Carbohydrates: Timing Recommendations for Enhanced Performance

Due to the unique energy demands of strength and endurance based sports, athletes who participate in these activities have different carbohydrate requirements needed to fuel optimal performance. Aerobic endurance athletes and those who train for 60 minutes or more a day (think runners, cyclists, MMA fighters) should strive to consume 8-10 grams of carbohydrates per kilogram body weight daily to replenish glycogen levels. On the other hand, athletes who do not train aerobically for more than an hour each day (weight training, sprinting, football) should strive for 5-6 grams of carbohydrates per kilogram body weight daily. When and how many carbohydrates should I consume before, during, and after exercise? The following table outlines general recommendations for carbohydrate consumption before, during, and after exercise. However, athletes may need to experiment with different protocols (timing, types, & amounts) to produce individual optimal performance.

(Click Table to Enlarge)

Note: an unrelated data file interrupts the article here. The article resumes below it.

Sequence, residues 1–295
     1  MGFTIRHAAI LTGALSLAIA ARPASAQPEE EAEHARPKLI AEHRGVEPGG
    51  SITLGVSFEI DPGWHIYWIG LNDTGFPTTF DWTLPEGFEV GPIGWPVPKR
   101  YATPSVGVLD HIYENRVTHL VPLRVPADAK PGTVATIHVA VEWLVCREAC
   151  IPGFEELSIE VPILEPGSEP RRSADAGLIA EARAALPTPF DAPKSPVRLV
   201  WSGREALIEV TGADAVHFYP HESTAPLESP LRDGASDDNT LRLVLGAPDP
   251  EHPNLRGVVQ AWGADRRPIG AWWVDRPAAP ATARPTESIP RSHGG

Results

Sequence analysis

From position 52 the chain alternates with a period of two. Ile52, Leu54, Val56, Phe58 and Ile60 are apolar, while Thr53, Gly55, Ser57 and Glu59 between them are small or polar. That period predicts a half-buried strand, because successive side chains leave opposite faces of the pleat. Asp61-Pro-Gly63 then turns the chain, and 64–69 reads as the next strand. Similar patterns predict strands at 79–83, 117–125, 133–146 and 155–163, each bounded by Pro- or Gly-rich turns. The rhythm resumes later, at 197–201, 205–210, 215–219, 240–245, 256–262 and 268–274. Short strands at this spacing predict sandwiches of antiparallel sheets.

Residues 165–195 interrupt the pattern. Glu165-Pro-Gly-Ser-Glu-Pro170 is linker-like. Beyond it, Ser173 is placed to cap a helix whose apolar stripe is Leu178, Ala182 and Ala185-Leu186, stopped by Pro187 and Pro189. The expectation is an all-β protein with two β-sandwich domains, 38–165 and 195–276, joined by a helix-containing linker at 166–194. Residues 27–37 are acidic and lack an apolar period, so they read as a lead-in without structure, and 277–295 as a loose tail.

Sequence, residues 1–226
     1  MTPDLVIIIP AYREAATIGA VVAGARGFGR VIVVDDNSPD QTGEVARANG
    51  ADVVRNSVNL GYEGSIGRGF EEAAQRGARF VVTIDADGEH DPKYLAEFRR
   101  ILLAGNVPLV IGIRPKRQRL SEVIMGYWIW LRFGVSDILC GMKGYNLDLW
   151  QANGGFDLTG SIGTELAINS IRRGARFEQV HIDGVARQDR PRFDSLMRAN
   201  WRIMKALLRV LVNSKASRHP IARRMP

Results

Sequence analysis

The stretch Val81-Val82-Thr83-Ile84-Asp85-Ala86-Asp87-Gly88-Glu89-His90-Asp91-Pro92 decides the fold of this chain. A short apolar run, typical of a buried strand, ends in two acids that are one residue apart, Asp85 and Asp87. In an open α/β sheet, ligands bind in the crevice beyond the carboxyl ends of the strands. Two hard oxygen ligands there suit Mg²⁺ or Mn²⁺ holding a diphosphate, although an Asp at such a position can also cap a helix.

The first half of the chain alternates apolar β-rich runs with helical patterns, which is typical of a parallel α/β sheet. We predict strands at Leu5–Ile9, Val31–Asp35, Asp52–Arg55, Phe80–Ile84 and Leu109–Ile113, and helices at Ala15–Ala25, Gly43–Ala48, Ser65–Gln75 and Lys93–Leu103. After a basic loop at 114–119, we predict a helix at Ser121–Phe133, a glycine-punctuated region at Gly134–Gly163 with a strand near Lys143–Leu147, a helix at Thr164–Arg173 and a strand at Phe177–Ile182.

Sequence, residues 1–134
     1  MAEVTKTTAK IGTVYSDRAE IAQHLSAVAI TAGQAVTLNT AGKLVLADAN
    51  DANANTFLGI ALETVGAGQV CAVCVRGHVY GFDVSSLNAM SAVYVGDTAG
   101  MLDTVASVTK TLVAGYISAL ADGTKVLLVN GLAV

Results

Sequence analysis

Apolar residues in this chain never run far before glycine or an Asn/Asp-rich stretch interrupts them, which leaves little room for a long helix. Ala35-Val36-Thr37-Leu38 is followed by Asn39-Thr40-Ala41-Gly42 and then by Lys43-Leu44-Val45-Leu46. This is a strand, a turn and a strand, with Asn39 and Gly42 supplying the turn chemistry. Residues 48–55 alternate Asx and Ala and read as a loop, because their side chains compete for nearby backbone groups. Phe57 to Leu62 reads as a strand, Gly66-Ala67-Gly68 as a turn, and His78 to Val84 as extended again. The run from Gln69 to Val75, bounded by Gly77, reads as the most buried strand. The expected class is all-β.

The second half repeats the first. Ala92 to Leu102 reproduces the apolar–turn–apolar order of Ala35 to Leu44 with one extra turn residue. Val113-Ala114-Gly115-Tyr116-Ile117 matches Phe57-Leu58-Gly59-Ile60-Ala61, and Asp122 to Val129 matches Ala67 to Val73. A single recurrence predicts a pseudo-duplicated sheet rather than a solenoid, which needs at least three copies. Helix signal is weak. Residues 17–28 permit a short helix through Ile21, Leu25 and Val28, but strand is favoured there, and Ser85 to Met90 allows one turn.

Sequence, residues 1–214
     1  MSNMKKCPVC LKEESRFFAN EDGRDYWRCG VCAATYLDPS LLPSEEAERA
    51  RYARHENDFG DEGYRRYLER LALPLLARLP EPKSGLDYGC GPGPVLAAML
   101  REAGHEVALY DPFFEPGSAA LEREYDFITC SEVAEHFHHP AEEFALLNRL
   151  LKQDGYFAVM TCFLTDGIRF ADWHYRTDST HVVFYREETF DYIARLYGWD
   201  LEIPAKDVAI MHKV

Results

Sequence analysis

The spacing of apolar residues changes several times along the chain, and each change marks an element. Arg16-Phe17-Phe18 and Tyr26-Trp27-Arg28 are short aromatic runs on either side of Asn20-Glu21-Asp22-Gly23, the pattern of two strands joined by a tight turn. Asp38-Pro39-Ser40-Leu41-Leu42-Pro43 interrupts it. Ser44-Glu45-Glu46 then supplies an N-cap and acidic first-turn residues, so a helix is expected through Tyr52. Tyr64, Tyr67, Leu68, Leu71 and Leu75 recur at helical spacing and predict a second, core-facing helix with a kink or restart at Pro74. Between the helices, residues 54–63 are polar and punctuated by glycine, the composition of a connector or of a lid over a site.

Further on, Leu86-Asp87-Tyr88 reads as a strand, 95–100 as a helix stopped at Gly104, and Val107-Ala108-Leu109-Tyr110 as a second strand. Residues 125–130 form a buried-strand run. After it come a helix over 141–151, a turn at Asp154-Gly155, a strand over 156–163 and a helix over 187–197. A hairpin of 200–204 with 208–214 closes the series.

Carbohydrates Are Not Bad For You Carbohydrates have been cast in a negative light the past few years with so-called experts stating they cause weight gain, excess body fat, adverse blood lipid profiles, and a host of other problems that can wreak havoc on our health (all of which are simply not true). However, what these experts fail to tell you are that carbohydrates are the preferred source of fuel during high intensity, anaerobic exercises, such as sprinting or weight lifting. Adequate carbohydrate consumption, broken down into glucose in the bloodstream or stored in muscle tissue as glycogen, ensures you have the stamina to power through workouts without hitting a wall. In fact, various professional fitness organizations recommend 50–60% of total daily calories should come from carbohydrates to produce optimal performance in athletes. On the other hand, low carbohydrate consumption can cause the body to use protein as energy, which in turn affects the ability of the muscle to repair and recover. Simply put, carbohydrates are king when it comes to exercise performance. The Bottom Line on Carbohydrates It is hard to argue that carbohydrates are not the most valuable macronutrient that fuels performance. While most research on the benefits of adequate carbohydrate consumption has been performed in endurance sports, there is an emerging body of evidence the carbohydrates play a vital role in sports such as weightlifting, football, and soccer. Without a doubt, carbohydrate is the most important energy-yielding nutrient for optimizing performance in most sports with a greater work output. Furthermore, lack of dietary carbohydrate has been linked to performance limitations in these sports. According to Smith-Ryan and Antonio (2013), “strategic carbohydrate consumption before, during, and after exercise training should be a foremost concern for athletes to maximize muscle glycogen levels before the onset of exercise, as well to provide energy to muscle during exercise and hasten recovery of glycogen after exercise is complete.” References: Kreider, R. B., Wilborn, C. D., Taylor, L., Campbell, B., Almada, A. L., Collins, R., ... & Kerksick, C. M. (2010). ISSN exercise & sport nutrition review: research & recommendations. Journal of the International Society of Sports Nutrition, 7(1), 7. Wildman, R., Kerksick, C., & Campbell, B. (2010). Carbohydrates, physical training, and sport performance. Strength & Conditioning Journal, 32(1), 21-29. Coyle, E. F. (1995). Substrate utilization during exercise in active people. The American journal of clinical nutrition, 61(4), 968S-979S. Koivisto, V. A., Karonen, S. L., & Nikkila, E. A. (1981). Carbohydrate ingestion before exercise: comparison of glucose, fructose, and sweet placebo. Journal of Applied Physiology, 51(4), 783-787. Neufer, P. D., Costill, D. L., Flynn, M. G., Kirwan, J. P., Mitchell, J. B., & Houmard, J. (1987). Improvements in exercise performance: effects of carbohydrate feedings and diet. Journal of applied physiology, 62(3), 983-988. Coggan, A. R., & Coyle, E. F. (1991). 1 Carbohydrate Ingestion During Prolonged Exercise: Effects on Metabolism and Performance. Exercise and sport sciences reviews, 19(1), 1-40. Coggan, A. R., & Coyle, E. F. (1987). Reversal of fatigue during prolonged exercise by carbohydrate infusion or ingestion. Journal of Applied Physiology, 63(6), 2388-2395. Sherman, W. M. (1987). Carbohydrate, muscle glycogen, and improved performance. The Physician and Sportsmedicine, 15(2), 157-164. Smith-Ryan, A., & Antonio, J. (Eds.). (2013). Sports Nutrition & Performance Enhancing Supplements. Linus Learning.